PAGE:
OPCW, providing technical assistance to the United Kingdom on the Skripals’ incident, concluded its analysis of the biomedical samples last week. The watchdog confirmed the UK findings relating to the identity of the chemical used to poison Sergei and Yulia Skripals. The name of the substance, however, was only mentioned in the full report which was distributed to the OPCW member states, including Russia, and never revealed publicly.
On Saturday, Russian Foreign Minister Sergei Lavrov announced that one of the OPCW designated laboratories, the Swiss center for nuclear, biological and chemical protection in the city of Spiez, detected traces of BZ toxin in the samples that they received. He added that the condition of Skripals looked like they were poisoned with BZ rather than A234 nerve agent and that the BZ formula was used by NATO members, but never studied in Russia or the Soviet Union.
Moscow is asking OPCW why the information from the Spiez laboratory was omitted in the report, the minister added.
Possibly a Positive Control Marker
"When OPCW sends samples to laboratories, other substances are sometimes included in the samples as what is known as positive controls. It is to test the competence of the laboratories. They have to be able to identify this positive control in the sample. If they are not able to do this then all their results are thrown into doubt," Alastair Hay, professor of environmental toxicology at the University of Leeds, UK, told Sputnik.
Asked by Sputnik whether this could be the case and BZ could have been used to test the accuracy of a random laboratory, OPCW did not give a direct reply, noting only that the organization "does not disclose the identity of designated labs that contribute to OPCW activities" and that "these labs are also bound by secrecy agreements."
Indeed, the Spiez laboratory respected its secrecy obligations and never commented on Lavrov’s statements, readdressing all the journalists’ requests to the OPCW and their full classified report.
"A precursor of BZ, Quinuclidin-3-ol… was used as the positive control. It was deliberately added to one or more samples. None of the laboratories knew this. They simply report what they find in the samples. … So, BZ was present simply as a control," Hay continued.
"Concerning the full OPCW report, there is a confidentiality agreement under which the OPCW can publish only those facts and findings which are approved by the United Kingdom as it was a technical report at London’s request. It appears that London has made a mistake of authorizing the report’s distribution among all OPCW members. It is clear that Russia will now look closely into the report’s findings and study it under a magnifying glass," Anton Utkin, a former UN chemical weapons inspector in Iraq, told Sputnik.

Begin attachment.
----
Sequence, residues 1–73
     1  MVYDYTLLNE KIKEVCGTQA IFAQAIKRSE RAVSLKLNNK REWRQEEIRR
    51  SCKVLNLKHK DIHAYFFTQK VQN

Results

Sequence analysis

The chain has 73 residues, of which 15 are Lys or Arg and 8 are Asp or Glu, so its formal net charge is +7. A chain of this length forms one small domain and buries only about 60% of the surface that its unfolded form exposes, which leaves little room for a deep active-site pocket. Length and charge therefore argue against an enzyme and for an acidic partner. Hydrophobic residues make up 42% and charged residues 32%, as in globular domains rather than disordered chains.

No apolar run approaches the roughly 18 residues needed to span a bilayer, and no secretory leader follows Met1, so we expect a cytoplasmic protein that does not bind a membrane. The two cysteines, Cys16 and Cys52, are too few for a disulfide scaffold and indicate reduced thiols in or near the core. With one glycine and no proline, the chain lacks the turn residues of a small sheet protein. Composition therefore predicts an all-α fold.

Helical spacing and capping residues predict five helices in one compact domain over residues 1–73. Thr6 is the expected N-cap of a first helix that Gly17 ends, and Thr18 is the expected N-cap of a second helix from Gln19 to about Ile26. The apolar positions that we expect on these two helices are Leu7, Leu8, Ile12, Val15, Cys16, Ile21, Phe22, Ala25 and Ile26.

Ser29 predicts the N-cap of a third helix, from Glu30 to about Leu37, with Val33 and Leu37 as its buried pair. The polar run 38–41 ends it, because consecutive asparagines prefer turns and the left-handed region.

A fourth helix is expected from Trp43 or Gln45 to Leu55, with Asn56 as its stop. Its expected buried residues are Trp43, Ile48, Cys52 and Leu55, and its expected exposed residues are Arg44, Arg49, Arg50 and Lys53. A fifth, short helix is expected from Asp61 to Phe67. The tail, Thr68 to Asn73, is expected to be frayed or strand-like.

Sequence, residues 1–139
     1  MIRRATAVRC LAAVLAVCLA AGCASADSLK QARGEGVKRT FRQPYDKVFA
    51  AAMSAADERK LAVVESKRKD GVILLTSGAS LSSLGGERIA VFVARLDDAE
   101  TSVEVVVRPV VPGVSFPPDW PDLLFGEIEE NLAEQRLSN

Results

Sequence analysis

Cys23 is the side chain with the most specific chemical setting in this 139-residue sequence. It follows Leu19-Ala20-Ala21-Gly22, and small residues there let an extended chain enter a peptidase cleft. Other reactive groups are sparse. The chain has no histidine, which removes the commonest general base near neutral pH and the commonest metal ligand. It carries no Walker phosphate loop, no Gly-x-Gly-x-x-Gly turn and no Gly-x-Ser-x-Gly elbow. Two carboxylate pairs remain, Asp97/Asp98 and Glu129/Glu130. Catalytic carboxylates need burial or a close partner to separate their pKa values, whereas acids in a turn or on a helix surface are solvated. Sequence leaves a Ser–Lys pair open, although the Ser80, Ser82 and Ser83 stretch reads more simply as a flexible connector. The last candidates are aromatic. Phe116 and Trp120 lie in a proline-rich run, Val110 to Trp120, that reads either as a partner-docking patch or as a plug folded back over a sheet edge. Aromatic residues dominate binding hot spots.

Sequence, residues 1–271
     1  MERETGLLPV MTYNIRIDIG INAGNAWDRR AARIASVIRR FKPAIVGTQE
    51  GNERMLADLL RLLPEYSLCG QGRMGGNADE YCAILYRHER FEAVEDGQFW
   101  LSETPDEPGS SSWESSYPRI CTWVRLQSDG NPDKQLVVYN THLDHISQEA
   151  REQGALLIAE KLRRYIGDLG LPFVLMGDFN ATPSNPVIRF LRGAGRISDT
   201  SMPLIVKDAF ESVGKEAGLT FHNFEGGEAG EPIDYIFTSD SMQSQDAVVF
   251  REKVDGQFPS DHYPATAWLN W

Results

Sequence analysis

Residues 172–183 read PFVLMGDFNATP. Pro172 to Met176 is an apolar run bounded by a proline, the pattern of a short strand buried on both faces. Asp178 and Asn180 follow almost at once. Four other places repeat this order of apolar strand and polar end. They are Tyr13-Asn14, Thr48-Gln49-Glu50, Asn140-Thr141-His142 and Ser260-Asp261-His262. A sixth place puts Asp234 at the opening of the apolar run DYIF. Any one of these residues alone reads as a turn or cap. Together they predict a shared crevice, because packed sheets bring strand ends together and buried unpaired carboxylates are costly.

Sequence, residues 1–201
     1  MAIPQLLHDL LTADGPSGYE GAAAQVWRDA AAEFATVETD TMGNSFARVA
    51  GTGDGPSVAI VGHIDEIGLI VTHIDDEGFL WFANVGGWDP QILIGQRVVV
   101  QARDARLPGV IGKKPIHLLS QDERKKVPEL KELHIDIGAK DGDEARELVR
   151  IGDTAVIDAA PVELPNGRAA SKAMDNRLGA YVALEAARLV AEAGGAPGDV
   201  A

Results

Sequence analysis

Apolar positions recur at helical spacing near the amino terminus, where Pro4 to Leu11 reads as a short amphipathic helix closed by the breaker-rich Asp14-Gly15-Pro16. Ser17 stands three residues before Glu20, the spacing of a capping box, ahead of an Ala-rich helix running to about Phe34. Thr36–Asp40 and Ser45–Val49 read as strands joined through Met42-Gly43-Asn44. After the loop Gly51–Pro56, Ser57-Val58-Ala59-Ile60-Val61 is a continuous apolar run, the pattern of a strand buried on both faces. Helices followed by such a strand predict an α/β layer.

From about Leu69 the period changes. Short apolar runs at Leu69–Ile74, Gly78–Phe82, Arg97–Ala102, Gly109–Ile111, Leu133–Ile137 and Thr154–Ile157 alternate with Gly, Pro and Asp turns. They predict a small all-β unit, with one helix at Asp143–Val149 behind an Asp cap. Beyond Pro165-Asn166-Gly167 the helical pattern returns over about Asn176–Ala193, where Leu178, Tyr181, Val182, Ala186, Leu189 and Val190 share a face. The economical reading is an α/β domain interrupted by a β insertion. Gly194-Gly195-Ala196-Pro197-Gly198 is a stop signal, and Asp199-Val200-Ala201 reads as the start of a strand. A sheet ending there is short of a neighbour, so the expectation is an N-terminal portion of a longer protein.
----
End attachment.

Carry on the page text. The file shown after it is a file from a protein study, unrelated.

Impossibly a Lethal Agent
No matter how intriguing the presence of BZ in the samples may seem, experts believe it could not have been used as a lethal agent due to its chemical characteristics.
"Usually, when the term ‘nerve agent’ is used, it refers to an organophosphorus (OP) compound that potently inhibits the enzyme acetylcholinesterase (AChE). BZ is not an OP nerve agent, and it does not inhibit AChE. Instead, it is a potent acetylcholine antagonist at muscarinic acetylcholine receptors. Thus, it is similar to atropine, but it is much more potent and longer lasting," Rudy Richardson, professor of toxicology at the University of Michigan, told Sputnik.
The expert added that BZ is used as an incapacitating agent and the symptoms of BZ and a nerve agent poisoning are different, though there can be some overlapping signs and symptoms.
"BZ can produce the desired effect of incapacitation at low doses, but its lethal dose is very high," he said.
The Health condition of both Skripals started to improve rather rapidly after hospital admission, although the substance with which they were allegedly poisoned, the A-234 nerve agent, is expected to cause a very serious damage if not death.
If poisoned by BZ toxin, "a person develops the so-called negativism, when he does the opposite of what he is told to do. The BZ toxin’s impact also resembles symptoms after atropine’s exposure – it affects the nervous system," Anton Utkin told Sputnik.
Symptoms in some cases resemble those common under the influence of cocaine, such as dizziness and hallucinations.
"Because its effects can be unpredictable, some people can become very happy after exposure, others very aggressive, it was never developed as a chemical weapon," Alastair Hay said.
Russia has denied having any role in the poisoning, pointing to the lack of evidence provided by London to substantiate its accusations. Russia also offered its assistance in the investigation. However, Moscow's request for samples of the chemical substance used to poison the Skripals was rejected.
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